Once this calculation done, is there anything else to take into account?

For the capacitors, can I take whatever capacitor around 2pF, or should I be carefull about some other factors (tight tolerance? temperature stability? ...)

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4 Answers 4

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If this is for a hobby project, I've found a cheap canned oscillator (less than 1€) is a worthy option compared to spending an hour or two pondering about what crystal to use and what load capacitor values it needs...

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  • \$\begingroup\$ yes, it's a hobby project, so ne problem in increasing the price of 1€. However, I'm not sure what you mean by "canned oscillator"? Is it an oscillator with everything included in it? Or a clock genrator? \$\endgroup\$
    – Sandro
    Dec 11, 2021 at 12:25
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    \$\begingroup\$ These mouser.fr/c/passive-components/frequency-control-timing-devices/… \$\endgroup\$
    – bobflux
    Dec 11, 2021 at 12:36
  • \$\begingroup\$ Thanks a lot! I seems a far simpler solution! So if I go for example for this one : datasheet.lcsc.com/lcsc/… They mention 30pF output load : does that mean that I should add a 20pF capacitor? (in adition to the estimated 10pF stray capacitor). As the 10pF is a rough estimation, should I better aim for a bit more or a bit less, or to be as near as possible? Or that it should be bellow 30pF (in that case, I add nothing)? \$\endgroup\$
    – Sandro
    Dec 11, 2021 at 13:39
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    \$\begingroup\$ "30pF load" refers to the maximum capacitance that the output can drive, so that's the trace capacitance plus input capacitance the micro's clock input pin. That'll be much lower than 30pF so no worry. Don't add a capacitor on the output! You can add the usual 100nF decoupling cap on the power pin, or stick it next to one of the micro's decoupling caps. Note these clocks use more power than a crystal on the micro, so not recommended for battery use, but if you're not using a battery, it saves headaches lol. \$\endgroup\$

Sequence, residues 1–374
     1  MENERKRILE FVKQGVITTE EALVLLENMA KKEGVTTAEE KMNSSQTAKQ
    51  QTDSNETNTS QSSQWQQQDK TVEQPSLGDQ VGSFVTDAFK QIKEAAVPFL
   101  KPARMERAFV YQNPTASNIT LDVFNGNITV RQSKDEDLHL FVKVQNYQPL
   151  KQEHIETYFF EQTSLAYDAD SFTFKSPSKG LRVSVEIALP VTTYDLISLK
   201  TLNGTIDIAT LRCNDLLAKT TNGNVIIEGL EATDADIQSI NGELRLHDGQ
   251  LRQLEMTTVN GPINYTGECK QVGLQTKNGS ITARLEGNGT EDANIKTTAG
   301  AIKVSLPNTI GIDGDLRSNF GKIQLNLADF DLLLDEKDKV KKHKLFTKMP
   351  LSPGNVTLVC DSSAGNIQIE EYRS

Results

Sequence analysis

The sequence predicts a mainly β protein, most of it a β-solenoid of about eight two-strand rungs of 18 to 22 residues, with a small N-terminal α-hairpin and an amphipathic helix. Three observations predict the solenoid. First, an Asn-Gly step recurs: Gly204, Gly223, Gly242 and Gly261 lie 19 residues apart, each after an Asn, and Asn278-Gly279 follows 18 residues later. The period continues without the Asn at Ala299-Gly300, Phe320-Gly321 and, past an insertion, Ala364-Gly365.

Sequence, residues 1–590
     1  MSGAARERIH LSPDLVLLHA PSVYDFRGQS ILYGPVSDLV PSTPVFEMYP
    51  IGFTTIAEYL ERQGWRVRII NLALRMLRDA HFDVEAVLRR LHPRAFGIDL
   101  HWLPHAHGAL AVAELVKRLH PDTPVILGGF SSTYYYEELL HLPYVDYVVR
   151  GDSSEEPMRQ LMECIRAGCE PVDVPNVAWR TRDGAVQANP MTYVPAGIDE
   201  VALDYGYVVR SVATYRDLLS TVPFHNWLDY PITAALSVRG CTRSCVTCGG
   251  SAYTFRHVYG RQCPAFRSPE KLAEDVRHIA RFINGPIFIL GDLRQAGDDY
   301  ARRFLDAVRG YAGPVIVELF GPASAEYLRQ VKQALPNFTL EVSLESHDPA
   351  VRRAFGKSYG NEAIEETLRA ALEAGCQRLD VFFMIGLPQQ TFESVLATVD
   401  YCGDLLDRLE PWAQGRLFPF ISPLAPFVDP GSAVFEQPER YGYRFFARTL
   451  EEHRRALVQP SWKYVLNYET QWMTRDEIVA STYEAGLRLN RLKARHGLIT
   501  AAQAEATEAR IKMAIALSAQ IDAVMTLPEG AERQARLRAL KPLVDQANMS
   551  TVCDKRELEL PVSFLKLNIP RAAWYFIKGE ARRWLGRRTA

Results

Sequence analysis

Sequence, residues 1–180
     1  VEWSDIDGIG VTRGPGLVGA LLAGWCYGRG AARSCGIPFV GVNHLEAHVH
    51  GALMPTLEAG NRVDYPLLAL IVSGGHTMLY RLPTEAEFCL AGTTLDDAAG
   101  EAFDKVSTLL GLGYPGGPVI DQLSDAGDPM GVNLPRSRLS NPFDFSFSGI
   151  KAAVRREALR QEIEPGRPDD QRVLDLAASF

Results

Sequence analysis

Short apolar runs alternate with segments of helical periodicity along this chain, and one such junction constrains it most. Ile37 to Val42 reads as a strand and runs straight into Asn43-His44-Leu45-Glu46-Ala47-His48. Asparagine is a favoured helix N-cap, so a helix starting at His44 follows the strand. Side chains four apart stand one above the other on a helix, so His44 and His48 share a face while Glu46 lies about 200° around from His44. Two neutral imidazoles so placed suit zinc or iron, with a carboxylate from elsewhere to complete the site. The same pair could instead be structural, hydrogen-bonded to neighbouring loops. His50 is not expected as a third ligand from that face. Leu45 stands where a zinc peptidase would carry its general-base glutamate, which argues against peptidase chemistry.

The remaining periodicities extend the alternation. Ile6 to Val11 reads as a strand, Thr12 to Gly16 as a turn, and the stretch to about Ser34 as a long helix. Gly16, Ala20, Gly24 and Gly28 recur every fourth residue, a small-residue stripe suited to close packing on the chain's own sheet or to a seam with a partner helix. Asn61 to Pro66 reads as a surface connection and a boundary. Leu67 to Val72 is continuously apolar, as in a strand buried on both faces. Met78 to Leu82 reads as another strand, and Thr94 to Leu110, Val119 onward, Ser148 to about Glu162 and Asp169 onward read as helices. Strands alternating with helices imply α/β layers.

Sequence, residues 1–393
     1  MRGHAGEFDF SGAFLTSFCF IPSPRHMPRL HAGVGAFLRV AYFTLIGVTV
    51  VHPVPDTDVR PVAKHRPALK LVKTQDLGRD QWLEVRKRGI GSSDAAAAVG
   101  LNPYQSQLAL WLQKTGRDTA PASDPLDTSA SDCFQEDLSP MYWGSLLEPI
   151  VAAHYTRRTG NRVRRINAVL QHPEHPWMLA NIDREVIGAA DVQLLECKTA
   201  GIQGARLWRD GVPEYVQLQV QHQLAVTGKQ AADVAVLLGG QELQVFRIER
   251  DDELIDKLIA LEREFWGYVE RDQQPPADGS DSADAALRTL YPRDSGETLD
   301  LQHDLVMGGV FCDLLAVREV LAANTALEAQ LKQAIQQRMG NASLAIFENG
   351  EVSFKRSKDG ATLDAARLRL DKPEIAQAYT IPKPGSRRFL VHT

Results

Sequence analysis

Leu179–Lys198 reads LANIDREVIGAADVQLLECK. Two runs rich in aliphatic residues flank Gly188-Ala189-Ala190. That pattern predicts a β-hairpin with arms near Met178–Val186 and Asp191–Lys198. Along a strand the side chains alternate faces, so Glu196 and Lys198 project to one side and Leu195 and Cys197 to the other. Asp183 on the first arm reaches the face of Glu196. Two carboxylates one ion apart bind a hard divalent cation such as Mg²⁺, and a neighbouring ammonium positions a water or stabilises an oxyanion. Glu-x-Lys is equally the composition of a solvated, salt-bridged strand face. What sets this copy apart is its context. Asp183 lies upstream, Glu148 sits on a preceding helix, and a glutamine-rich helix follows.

– bobflux
    Dec 11, 2021 at 15:31
  • \$\begingroup\$ Thanks a lot! My robot is baterry powered, but it's a big battery (3S 4800mAh lipo), and the motors will consume a few amps, so I don't care about a 20mA more or less \$\endgroup\$
    – Sandro
    Dec 11, 2021 at 15:41
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Only if you intend to run the MCU at stable 25 degrees C and stable 3.3V supply, the HSI oscillator is guaranteed to be within 1%. So if there is any changes in the temperature or voltage, the 1% does not hold any more.

The SPI or I2C do not care about absolute clock rate as long as they are within minimum and maximum limits so they won't be an issue, but UART comms could be a problem.

You also don't know how accurate the other chips are and what are their UART baud rate error or tolerance.

Typically, recommended maximum error for a device is around 2%, but it assumes data frames with 8 bits and that the error is shared with both devices. Under certain circumstances such as longer data frames the tolerance requirement could go near 1%.

So in general, simply the fact that UART comms is used will generally be enough of a reason that a better clock than an internal oscillator is required.

This means that an external resonator, an external crystal, or an external clock source such as a crystal oscillator module should be designed in to the circuit.